"The proportion of Muslims who are radicalised is extraordinarily small...I think we've been becoming too hysterical about this subject for some considerable period," warned Archbishop Justin Welby in a candid interview.
Speaking to Andrew Marr, the Archbishop addressed a wide range of topics with his usual honesty, perhaps most notably highlighting his understanding of the growing influence of Islam across Britain – particularly in light of the conflict in Syria and the Trojan horse scandal in schools across Birmingham.
"Clearly there's an issue with people going to Syria and coming back highly radicalised – there is a problem with radicalisation. But the proportion of Muslims who are radicalised is extraordinarily small, and I'm just edgy about developing a national culture of fear, because I don't think that gets us anywhere," Welby explained.
"I think we're in danger of slipping into a very fearful culture in which we see everyone against us and us against everyone and we're constantly trying to defend ourselves. This country is much bigger than that, and much better than that."
He insisted: "I think we've been becoming too hysterical about this subject for some considerable period, and it is a worry because we have huge differences with Islam as Christians, but that is absolutely no reason for hostility, quite the reverse".
In fact, with regard to the tensions between Islam and Christianity, the Archbishop suggested it was a "very complex area" but that inter-faith dialogue remains vital, as does extending grace to those who believe differently.
"The ancient principle of the church starts in hospitality, in welcome, in arms opened wide to all and everyone, and to listening, to being ready to explain our faith but to do so with grace," he asserted.
"If other people want to behave differently, that's fine, our duty is that grace and hospitality and welcome and love that is universal and unconditional."
Additionally, Marr asked Welby about his personal stance on same-sex marriage – noting that he has remained fairly conservative on that particular issue, while holding more a more liberal understanding on women bishops. Marr labelled this a "big contradiction" while Welby, however, insisted that it is possible to reconcile the two.
"The theological difference is quite a simple one, which is, I think, that theologically the Church has been wrong not to ordain women as priests and bishops over the centuries. And I think if you look back at scripture, if you look at the nature of God, if you look at particularly the way the early Church organised itself, we got caught up in the culture over the centuries as churches do at all times," he said.
"The issue over sexuality I'm very loathe to comment on in detail," Welby continued. "Yes, I was very clearly against same-sex marriage when the bill came through, and the position of the Church remains unchanged on that...But we're beginning a process of guided conversations, shared conversations, in the Church, and I just want to let those take their course and not pre-empt the way we are going to emerge from those decisions.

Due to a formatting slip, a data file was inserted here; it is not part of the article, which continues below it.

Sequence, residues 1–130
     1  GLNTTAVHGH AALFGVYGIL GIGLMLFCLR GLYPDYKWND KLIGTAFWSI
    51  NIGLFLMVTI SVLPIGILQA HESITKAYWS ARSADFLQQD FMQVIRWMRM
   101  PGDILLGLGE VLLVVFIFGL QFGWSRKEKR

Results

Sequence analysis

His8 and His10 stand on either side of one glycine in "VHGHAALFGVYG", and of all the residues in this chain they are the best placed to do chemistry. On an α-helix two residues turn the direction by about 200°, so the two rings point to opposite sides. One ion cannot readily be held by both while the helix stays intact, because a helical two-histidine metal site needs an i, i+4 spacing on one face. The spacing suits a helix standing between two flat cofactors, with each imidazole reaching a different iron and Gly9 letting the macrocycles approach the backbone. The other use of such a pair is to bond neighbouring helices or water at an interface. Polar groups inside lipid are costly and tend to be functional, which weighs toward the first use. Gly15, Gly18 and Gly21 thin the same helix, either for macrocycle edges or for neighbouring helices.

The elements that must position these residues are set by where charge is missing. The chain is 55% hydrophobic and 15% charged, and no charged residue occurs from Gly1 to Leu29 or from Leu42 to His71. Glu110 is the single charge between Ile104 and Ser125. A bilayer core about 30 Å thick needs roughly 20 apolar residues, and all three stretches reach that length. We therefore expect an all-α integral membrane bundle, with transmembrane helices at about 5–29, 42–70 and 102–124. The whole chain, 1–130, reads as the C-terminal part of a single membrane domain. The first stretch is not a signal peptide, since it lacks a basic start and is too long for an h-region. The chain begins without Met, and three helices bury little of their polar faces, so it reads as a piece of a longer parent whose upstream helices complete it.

"To be absolutely clear, I have not been convinced by the arguments for same-sex marriage as 'marriage'."
Welby admitted, however, that he continues to "struggle with the issue".
"Pastorally, you meet people, you sit across the room from them, you talk to them – there are some wonderful priests – and your heart goes out to them," he noted, going on to agree with former Archbishop Rowan Williams' recent assertion that the Church's stance on homosexuality is "unstable".
"We're in the middle of a prolonged period of disagreement and conversation and therefore by definition it is unstable, and that's something we have to deal with," Welby added.
"But our calling is to love one another and to find ways of good disagreement in a world that is completely incapable of good disagreement."
Other subjects discussed by the Archbishop were tax avoidance – "I think people have a duty to make a proper contribution to society in a way proportionate to their income" – and his recent admittance that there will likely be further discovery about sex abuse scandals within the Church.
"It is becoming clearer and clearer that for many, many years things were not dealt with as they should have been, and we must show justice to survivors of abuse – that is the first and absolute principle," he declared.
"We must be absolutely transparent in every possible way and we have to keep saying how utterly devastated we are with the terrible things that were done in the past and how sorry we are."
With a characteristic jovialness, Welby ended his interview by sharing of his personal journey to faith since "a very crucial moment of commitment to following Christ" when he was 19.
"It goes on and on and it changes the whole time, it's never the same," he said, before laughing of his time as Archbishop: "I'm rather worried about the fact that on most things, most of the time, I'm really enjoying myself".